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Births cohorts
029 Does a heavy baby become a strong child? Grip strength at 4 years in relation to birthweight
  1. R Dodds,
  2. C Macdonald-Wallis,
  3. T Kapasi,
  4. A Aihie-Sayer,
  5. S Robinson,
  6. K Godfrey,
  7. C Cooper,
  8. N Harvey,
  9. H Inskip,
  10. the SWS Study Team
  1. MRC Epidemiology Resource Centre, Southampton, UK

Abstract

Objective Consistent positive relationships have been found between birthweight and grip strength in young, middle-aged and older adults, suggesting that early influences on the growth and development of muscle are important for muscle function later in the lifecourse. However there are limited data in children. We aimed to assess the relationship between birthweight and grip strength in children aged 4 years.

Design Prospective general population birth cohort study with data from birth to four years, drawn from the Southampton Women's Survey. Grip strength was measured using a Jamar handgrip dynamometer at age four years. We also measured height and weight and assessed body composition (lean mass) using dual energy x-ray absorptiometry. Multiple regression was used to relate grip strength to birthweight allowing for adjustment for confounding factors.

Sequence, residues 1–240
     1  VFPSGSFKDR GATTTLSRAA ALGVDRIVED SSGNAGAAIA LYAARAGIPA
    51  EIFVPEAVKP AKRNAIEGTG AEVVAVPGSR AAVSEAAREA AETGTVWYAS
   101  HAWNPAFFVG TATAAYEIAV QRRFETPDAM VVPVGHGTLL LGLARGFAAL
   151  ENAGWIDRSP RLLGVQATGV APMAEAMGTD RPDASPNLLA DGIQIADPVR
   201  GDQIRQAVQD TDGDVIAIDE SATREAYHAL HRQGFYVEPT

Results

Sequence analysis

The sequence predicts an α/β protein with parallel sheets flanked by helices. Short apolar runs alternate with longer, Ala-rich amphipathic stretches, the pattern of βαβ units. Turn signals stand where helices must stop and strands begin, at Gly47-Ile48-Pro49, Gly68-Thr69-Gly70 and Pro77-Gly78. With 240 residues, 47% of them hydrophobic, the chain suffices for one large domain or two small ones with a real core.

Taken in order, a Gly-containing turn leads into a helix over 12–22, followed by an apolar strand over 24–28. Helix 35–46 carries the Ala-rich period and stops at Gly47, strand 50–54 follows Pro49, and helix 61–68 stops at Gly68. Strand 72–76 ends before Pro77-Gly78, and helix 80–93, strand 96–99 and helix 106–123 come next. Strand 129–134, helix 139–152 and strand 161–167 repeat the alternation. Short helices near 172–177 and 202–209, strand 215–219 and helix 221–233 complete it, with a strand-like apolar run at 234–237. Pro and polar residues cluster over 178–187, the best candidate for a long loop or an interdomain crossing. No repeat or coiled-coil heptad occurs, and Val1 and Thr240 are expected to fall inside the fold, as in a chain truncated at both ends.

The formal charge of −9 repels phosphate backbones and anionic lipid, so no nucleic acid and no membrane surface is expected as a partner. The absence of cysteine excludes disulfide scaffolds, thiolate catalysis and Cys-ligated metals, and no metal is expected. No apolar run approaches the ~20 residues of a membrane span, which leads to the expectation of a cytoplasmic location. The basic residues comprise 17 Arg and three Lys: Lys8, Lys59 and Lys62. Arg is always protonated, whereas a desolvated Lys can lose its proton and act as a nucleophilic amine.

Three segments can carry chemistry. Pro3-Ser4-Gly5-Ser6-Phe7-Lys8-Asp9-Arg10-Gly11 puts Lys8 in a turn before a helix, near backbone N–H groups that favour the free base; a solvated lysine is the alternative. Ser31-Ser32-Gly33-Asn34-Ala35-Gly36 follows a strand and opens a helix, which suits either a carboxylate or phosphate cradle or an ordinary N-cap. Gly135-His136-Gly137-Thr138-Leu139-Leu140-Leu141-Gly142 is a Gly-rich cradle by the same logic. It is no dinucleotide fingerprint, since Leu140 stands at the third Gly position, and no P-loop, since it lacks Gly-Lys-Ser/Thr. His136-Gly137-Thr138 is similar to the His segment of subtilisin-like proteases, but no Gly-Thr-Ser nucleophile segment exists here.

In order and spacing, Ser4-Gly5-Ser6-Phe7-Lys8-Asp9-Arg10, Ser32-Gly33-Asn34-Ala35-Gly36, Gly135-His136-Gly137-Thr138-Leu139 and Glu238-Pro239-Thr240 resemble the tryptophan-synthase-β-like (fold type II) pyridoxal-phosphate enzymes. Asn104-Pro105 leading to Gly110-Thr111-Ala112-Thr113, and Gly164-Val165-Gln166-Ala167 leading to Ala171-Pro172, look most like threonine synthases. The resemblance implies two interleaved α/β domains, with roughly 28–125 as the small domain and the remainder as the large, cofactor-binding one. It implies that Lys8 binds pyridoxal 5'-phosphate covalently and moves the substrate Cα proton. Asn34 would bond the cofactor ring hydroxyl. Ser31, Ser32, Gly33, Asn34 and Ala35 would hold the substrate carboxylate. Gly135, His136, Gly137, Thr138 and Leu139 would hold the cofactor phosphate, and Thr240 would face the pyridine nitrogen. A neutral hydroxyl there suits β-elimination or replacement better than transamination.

Setting Southampton, UK.

Participants 968 children took part in a sub-study assessing body composition and had their grip strength measured at age four years. Their socio-demographic characteristics were similar to the remainder of the cohort.

Main outcome measure Grip strength in kilograms.

Results Birthweight was positively associated with grip strength, with each kilogram of birthweight being associated with a 0.5 kg increase in grip strength (95% CI 0.30 to 0.70). Grip strength was also strongly related to current body size and adjustment of the birthweight relationship for height and weight attenuated the relationship such that it became non-significant with a 1kg increase in birthweight being associated with 0.15kg (95% CI -0.05 to 0.34kg) increase in grip strength. Adjustment for absolute and percentage lean mass instead of height and weight attenuated the relationship still further such that only a 0.07kg (95% CI −0.16 to 0.30) increase in grip strength was seen in relation to a 1kg increase in birthweight.

Conclusion Birthweight is associated with muscle strength in children aged 4 years. Adjustment for current body size or lean mass explains the relationship suggesting that muscle size is on the causal pathway. Early influences on muscle growth and development appear to impact on grip strength in children as well as adults.

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